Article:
WDAY: The News Leader

Published April 07, 2011, 10:45 AM

Red River holding steady in Wahpeton-Breckenridge

Wahpeton, ND (WDAY TV) - People in Wahpeton - Breckenridge are breathing a sigh of relief as the Red River crest isn't causing much concern. But with a lot of water south and a second crest looming later this month, city leaders aren't just sitting idle.

By: Travis Skonseng, WDAY

The Red River here in the Twin Towns is holding steady tonight, as you can see by the ruler. It shows the Red at about 15.7 feet. People here remain cautiously optimistic.

Homeowner John Viebrock looks around his Breckenridge backyard. He's happy the crest has come.

JOHN VIEBROCK – Homeowner: “We really didn't get a sudden fast crest which is not a lot of fun you know living in this town.”

But by no means is it gone. If the Red River goes much higher in the days ahead, crews may have to build a levee on his property. The posts show where it might go.

“If they have to do it, they have to do it.”

“There are a lot of scenarios, but at this point very comfortable. It's a good fight.”

Breckenridge has built up most of its permanent levees to 22.5 feet, but there are still low spots. In Wahpeton, crews are monitoring a second crest.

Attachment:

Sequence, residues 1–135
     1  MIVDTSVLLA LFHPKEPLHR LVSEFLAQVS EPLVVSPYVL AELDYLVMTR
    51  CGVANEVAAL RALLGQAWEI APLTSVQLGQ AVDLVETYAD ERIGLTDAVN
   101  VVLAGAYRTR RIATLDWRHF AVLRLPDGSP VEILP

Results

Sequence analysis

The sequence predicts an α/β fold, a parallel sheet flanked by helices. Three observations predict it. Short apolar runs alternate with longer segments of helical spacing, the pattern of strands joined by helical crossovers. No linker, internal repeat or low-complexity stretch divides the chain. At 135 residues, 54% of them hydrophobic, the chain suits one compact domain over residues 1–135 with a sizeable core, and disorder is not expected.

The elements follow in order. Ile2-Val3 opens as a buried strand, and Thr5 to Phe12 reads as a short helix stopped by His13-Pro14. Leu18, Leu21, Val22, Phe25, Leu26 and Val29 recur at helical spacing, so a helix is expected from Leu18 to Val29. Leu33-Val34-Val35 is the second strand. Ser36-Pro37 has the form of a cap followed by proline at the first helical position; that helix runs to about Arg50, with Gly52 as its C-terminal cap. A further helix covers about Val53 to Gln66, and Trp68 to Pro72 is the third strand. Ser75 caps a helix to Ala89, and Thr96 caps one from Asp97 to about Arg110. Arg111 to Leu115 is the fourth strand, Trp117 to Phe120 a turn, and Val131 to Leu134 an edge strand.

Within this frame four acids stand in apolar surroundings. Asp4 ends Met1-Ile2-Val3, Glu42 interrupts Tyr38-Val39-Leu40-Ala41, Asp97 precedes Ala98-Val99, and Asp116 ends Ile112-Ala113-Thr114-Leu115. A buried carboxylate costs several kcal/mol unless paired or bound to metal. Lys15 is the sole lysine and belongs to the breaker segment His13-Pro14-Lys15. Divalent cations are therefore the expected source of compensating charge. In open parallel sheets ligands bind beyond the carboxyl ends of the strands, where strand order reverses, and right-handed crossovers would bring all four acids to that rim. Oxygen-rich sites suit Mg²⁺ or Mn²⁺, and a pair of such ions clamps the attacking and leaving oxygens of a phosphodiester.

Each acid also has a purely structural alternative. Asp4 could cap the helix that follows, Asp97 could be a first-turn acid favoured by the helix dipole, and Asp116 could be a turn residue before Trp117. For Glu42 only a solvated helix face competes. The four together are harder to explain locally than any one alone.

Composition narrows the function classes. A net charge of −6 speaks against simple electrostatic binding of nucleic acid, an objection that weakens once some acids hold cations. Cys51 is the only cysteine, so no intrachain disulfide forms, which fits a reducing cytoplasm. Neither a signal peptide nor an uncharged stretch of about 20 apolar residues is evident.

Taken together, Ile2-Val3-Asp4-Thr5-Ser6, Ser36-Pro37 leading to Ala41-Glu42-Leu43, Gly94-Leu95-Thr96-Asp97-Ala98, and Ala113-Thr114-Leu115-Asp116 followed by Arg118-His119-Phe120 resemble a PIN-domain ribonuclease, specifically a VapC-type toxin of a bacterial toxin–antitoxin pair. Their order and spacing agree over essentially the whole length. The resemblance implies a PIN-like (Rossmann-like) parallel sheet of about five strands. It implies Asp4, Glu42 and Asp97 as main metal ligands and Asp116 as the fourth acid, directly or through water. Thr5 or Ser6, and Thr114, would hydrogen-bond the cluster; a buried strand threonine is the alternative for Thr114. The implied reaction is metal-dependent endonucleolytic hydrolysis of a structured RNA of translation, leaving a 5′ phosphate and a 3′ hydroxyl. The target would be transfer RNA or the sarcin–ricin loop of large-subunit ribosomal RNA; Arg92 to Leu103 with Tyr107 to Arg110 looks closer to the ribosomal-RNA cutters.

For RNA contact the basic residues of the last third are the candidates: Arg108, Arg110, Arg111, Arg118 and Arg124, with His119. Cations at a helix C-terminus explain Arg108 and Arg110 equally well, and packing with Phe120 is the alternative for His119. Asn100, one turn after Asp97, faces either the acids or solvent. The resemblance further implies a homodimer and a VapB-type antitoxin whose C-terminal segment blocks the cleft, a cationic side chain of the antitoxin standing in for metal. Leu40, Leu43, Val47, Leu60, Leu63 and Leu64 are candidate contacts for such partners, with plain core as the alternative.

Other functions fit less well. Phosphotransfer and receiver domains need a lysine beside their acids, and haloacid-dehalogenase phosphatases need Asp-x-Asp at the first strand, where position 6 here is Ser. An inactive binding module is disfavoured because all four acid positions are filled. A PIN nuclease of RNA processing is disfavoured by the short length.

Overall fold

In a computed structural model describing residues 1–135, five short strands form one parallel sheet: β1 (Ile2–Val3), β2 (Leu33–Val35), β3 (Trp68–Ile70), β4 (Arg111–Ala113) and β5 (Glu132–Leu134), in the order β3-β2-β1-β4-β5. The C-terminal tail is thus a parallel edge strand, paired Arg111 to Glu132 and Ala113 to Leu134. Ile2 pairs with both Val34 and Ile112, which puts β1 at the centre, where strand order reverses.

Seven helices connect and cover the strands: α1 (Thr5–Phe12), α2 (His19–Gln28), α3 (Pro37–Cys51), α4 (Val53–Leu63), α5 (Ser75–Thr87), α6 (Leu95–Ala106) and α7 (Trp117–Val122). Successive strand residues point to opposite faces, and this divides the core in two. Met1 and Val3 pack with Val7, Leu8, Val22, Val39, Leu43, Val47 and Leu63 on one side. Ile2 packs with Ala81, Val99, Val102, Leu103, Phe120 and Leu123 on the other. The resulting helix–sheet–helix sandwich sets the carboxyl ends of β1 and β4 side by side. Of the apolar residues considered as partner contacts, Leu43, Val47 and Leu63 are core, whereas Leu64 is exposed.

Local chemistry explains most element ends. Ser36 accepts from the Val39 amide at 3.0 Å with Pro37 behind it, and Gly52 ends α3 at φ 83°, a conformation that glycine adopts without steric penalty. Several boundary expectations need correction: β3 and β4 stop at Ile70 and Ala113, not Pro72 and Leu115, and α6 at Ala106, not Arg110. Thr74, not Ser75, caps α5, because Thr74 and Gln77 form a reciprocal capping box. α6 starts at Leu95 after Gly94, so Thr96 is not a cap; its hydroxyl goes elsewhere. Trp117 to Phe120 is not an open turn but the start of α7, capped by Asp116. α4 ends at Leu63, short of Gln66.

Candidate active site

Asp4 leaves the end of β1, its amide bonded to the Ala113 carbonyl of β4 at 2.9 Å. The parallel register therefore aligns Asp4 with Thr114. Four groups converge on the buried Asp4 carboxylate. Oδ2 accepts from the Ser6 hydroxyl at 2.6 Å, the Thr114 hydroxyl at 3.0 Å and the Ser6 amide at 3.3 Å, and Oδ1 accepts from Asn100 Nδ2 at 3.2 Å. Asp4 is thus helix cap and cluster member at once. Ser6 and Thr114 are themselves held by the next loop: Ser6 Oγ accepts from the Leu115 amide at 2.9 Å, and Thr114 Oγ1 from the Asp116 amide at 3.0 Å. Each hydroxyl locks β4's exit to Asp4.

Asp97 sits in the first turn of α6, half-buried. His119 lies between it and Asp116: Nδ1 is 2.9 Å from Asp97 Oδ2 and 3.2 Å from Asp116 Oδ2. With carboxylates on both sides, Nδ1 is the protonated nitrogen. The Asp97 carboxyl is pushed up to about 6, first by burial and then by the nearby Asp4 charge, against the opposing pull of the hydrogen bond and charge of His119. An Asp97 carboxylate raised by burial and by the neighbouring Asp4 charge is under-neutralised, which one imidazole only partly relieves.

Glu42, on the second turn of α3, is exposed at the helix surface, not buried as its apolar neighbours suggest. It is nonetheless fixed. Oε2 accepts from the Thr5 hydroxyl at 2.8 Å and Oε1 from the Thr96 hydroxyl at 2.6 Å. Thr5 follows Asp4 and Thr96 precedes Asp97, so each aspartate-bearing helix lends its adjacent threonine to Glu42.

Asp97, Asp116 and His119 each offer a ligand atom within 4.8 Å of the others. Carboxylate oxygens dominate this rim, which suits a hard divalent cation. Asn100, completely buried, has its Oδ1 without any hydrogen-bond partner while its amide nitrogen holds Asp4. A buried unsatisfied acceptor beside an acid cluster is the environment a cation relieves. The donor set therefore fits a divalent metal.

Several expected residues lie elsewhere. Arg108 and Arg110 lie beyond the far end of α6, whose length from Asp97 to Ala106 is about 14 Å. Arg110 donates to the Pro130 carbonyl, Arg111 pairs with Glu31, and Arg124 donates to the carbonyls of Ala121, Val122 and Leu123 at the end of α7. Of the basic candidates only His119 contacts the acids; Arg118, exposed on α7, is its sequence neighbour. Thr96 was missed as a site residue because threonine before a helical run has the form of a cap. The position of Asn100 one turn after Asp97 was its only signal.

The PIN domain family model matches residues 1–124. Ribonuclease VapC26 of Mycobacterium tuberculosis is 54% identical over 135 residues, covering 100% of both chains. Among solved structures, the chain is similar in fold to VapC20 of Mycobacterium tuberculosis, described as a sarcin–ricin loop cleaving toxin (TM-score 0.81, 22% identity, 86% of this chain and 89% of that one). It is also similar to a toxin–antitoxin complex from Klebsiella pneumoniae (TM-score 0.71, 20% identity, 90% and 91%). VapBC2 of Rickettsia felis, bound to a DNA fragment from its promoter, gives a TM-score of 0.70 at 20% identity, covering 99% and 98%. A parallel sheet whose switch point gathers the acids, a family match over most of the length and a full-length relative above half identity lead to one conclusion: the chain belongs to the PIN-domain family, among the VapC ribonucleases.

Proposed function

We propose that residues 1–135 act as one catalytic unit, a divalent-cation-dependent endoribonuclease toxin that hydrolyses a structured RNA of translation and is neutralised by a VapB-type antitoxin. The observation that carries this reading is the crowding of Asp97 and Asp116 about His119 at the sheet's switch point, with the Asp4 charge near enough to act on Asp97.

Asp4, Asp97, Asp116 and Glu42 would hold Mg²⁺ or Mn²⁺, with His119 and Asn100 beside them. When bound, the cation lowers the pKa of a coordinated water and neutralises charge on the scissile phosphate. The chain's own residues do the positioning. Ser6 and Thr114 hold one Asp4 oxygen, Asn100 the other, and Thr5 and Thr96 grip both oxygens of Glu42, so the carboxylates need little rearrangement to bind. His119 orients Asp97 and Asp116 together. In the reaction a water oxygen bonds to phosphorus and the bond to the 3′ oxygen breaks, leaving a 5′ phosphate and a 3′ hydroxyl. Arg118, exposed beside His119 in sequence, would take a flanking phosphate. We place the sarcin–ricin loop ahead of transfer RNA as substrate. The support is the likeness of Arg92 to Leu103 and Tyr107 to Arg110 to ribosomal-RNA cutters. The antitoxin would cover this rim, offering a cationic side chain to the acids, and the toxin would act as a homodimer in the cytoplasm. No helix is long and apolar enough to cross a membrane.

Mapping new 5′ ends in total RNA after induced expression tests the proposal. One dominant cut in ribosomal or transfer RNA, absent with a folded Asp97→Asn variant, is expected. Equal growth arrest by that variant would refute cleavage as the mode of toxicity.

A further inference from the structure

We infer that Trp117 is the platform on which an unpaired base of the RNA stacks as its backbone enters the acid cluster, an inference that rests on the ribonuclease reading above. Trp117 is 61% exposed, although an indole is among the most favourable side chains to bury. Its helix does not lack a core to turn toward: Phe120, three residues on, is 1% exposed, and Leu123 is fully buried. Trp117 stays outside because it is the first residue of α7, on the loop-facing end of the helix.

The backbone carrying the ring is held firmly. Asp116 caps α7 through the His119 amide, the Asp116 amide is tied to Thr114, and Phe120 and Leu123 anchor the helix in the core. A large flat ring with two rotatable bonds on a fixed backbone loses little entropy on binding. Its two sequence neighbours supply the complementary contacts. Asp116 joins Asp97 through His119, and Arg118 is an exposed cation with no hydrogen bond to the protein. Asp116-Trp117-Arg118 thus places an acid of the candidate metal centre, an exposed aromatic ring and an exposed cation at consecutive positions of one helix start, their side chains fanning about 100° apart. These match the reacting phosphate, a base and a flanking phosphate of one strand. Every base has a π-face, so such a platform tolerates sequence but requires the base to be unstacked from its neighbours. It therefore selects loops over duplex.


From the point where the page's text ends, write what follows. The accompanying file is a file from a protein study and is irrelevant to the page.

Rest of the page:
“There's a little anxiety.”

The city may need to add clay to only one mile of levee, near the golf course.

“The volume of water moving through town right now is impressive.”

Plenty of sandbags are ready to go. In fact, Wahpeton only has one spot near the Kidder Recreational Area with sandbags. The city has three thousand on hand, Breckenridge 15 thousand.

“We continue to be vigilant. The longer the water stays at that elevated level, the more propensity there is for something to go wrong.”

“Unless we get one deluge of rain, which would be four to five inches covering the whole area, that would give me concern.”

Homeowners like Viebrock are holding out hope for the best, but of course, preparing for the worst. Like years past.

“Yeah we've been fortunate.”

Police are patrolling these bridges every hour, looking for any jams. If the Red goes to 16 feet, volunteer firefighters would team up to patrol dikes. Crews may start positioning equipment just to be safe.